The recent armed standoff in Eagle Ridge ended when the suspect surrendered peacefully. Those who had been evacuated were able to return home after what must have seemed like an eternity. The RMWB had activated their emergency response and thus the evacuated residents report being well cared for, and the RCMP kept them well informed. Matt, the blogger from My Oilsands, happened to be one of those evacuated, and he tweeted frequently keeping the twitterverse up to date on the incident. I'd love one day to personally thank Matt for sharing his story with us during a time when I'm pretty sure he was feeling some degree of stress and anxiety (I know I would be in similar circumstances - I recall that Abasand lockdown and my stress level during that episode). I felt so badly for him and his fellow evacuees, and I felt great concern for the RCMP officers who were facing a very dangerous situation with no certain outcome.

I can't even quite express how grateful I felt when the standoff ended without injury to anyone, including the suspect. I tweeted my gratitude to the RMWB and the RCMP as I truly feel they handled the situation well. These situations can develop in so many different ways, and can go badly in just as many ways, too. One person on Twitter tweeted their belief that drugs were involved, and while that's possible I also know that in many instances these situations start with our favourite drug (alcohol) combined with life stresses or some degree of mental illness. I think back to the armed standoff from my teen years and I wonder if the outcome would have been different if perhaps anyone had realized earlier how troubled that young man was. Maybe he would be alive today, my age, and perhaps with a family much like mine. Of course, I'll never know that - and nor will anyone else. That troubles me to this day, people.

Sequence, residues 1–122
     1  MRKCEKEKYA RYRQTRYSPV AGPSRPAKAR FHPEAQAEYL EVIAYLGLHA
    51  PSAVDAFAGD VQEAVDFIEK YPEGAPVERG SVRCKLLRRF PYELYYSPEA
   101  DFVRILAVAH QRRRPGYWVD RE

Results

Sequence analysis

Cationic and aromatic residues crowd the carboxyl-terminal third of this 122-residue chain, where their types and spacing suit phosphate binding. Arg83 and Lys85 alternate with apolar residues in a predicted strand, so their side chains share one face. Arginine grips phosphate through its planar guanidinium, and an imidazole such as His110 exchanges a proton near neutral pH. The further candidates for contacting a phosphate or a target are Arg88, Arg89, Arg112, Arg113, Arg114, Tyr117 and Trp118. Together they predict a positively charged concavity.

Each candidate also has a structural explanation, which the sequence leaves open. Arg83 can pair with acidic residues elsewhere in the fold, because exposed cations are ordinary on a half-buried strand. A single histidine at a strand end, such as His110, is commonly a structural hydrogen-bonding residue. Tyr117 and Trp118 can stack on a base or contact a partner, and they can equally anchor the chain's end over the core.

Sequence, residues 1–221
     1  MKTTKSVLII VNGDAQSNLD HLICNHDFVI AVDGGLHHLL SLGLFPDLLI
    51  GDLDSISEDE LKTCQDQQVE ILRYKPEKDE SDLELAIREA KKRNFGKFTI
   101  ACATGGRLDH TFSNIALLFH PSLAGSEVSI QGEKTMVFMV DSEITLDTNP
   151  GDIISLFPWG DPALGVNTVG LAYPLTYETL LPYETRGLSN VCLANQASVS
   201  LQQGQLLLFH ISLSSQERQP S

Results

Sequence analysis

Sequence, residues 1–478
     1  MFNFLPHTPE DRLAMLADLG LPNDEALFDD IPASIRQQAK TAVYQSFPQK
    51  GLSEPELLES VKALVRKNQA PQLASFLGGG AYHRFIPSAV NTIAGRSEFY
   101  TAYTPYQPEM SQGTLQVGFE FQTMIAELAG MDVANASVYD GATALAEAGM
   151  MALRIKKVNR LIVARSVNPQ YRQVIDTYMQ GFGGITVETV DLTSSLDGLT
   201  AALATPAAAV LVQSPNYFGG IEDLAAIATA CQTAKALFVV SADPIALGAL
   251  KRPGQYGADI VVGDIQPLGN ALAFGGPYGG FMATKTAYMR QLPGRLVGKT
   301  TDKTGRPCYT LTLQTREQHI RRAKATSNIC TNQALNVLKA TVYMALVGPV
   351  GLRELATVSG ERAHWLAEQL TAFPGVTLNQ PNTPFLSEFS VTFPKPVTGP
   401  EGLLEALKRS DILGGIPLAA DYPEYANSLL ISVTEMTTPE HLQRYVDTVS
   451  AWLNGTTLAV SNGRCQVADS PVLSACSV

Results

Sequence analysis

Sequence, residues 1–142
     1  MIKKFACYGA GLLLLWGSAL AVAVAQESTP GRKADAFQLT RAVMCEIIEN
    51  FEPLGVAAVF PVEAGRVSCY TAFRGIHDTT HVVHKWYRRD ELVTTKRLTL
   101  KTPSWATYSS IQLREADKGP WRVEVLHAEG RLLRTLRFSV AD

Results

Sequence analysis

There may be those who point to this incident, or the other two I mentioned earlier, and say they are evidence that Fort Mac is "dangerous". I know, however, that these things happen in all cities and that they are likely to happen here again, too. I know that they even happened decades ago, and that they aren't a sign of a dangerous city or a troubled community. They are only signs of troubled individuals.

Once again I would like to use this opportunity to thank the Regional Municipality of Wood Buffalo for caring for my fellow citizens, and the RCMP for ensuring a safe resolution for everyone. I hope they all walked away at the end of the day Saturday knowing that it was a job well done, and that they served our community well. They have my gratitude today, and every day. I went to bed Saturday night relieved and grateful. I am grateful to live in a community with a caring government and police force, and with concerned fellow citizens. I am grateful for a world of Twitter and instant communication, where one doesn't have to wait until tomorrow's newspapers or the next radio report to hear the outcome of a troubling situation. I am grateful that this time an armed standoff ended with no one, including the suspect, hurt. It was the best possible resolution, and I am profoundly grateful for that alone.

1 comment:

  1. I have vague memories of a similar protracted stand-off in Stettler - probably 1992 or 93 - that lasted what seemed like days (though I could be wrong about how long it lasted). The difference was that it was 40-below at the time. The poor RCMP officer had to be out there, immobile, for hours at a time. Disturbing? Absolutely! Cold? You bet.